New initiatives announced to help tackle 1.3 million yearly death toll
WASHINGTON, DC, April 17, 2012 ---The World Bank hosted the 15th UN Collaboration on Road Safety meeting in Washington, DC on April 16-17 aimed at strengthening efforts to support road safety action in the developing world ahead of a UN General Assembly debate on road safety on April 19.
As part of a growing international effort to help tackle the 1.3 million yearly death toll on the world’s roads, new initiatives were announced ranging from a road safety observatory for Latin America to the establishment of a road policing organization in Singapore.
“Road safety is a development issue that affects poor populations in developing countries disproportionately,” said Rachel Kyte, World Bank Vice President for Sustainable Development, in a video message at the opening session of the meeting. “Currently, 1.3 million people are killed on the world’s roads each year and 90 percent of these deaths occur in low- and middle-income countries, with an economic cost that can exceed total overseas aid flowing in. The World Bank is committed to taking bold action on this agenda.”
The UN Collaboration partners reviewed progress on the Decade of Action for Road Safety 2011-2020, which aims to save 5 million lives and prevent 50 million serious injuries by helping countries around the world improve their road safety outcomes, for instance through better road safety management, safer vehicles and roads, and post-crash care. The World Bank is supporting this effort through the Global Road Safety Facility, a donor-funded program that coordinates an initiative between seven multilateral development banks (MDBs) looking to harmonize their approaches to country road safety interventions.
"The development banks can play a key role during the Decade of Action by ensuring that the safety of citizens is prioritized in loans for road building,” said Dr. Etienne Krug, Director, WHO Department for Violence and Injury Prevention and Disability.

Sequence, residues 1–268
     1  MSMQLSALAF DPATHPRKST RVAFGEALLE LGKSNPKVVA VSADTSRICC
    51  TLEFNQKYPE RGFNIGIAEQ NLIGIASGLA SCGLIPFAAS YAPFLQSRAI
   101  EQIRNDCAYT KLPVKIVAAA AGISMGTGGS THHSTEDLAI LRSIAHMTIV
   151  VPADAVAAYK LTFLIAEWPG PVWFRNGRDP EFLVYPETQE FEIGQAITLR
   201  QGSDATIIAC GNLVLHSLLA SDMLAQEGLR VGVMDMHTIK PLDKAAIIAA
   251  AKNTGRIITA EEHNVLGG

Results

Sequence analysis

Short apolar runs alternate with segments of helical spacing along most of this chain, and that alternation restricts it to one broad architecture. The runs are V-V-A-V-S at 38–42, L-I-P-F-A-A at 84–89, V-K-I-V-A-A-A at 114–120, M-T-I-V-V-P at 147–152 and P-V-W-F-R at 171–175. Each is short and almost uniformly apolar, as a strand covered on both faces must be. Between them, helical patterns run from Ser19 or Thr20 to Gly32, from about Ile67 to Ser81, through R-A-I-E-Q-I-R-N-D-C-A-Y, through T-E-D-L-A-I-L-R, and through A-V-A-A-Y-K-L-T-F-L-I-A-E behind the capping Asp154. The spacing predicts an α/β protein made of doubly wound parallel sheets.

The UN Collaboration meeting announced several new developments aimed at boosting the road safety capacity of low- and middle-income countries, including CAF (development bank of Latin America) joining the MDB Road Safety Initiative and the launch of a new road safety observatory for Latin American countries.
“CAF is pleased to be joining this Initiative. We work on providing safe and environmentally sound infrastructure to our clients, and road safety continues to be a problem that must be solved,” commented Mr. Antonio Juan Sosa, CAF Vice President of Infrastructure.
The Government of Singapore and the World Bank Global Road Safety Facility (GRSF) are also establishing a new International Road Policing Organization (RoadPol) Secretariat in Singapore.
"Road safety policing in the developing world needs greater support to achieve results in protecting citizens. I am confident that RoadPol will play an important role in promoting higher standards," said Mr. Anselm Lopez, Director, Ministry of Home Affairs, Singapore.
On April 18, the Global Road Safety Facility and Safe Kids Worldwide will host a discussion with civil society organizations to explore how they can become more involved in action and advocacy on road safety. This meeting will be webcast live on the World Bank’s external website.